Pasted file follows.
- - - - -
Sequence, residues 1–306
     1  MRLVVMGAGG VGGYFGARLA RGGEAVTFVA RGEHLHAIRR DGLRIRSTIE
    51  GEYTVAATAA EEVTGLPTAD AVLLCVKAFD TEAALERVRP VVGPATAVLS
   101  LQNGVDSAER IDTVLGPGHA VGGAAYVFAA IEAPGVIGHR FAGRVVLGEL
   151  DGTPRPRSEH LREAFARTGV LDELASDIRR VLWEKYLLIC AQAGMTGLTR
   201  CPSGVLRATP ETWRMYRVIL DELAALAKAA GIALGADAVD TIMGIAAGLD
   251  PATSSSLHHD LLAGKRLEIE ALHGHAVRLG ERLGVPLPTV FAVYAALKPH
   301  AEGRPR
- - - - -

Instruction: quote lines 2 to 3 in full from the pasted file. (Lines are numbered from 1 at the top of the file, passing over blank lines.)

     1  MRLVVMGAGG VGGYFGARLA RGGEAVTFVA RGEHLHAIRR DGLRIRSTIE
    51  GEYTVAATAA EEVTGLPTAD AVLLCVKAFD TEAALERVRP VVGPATAVLS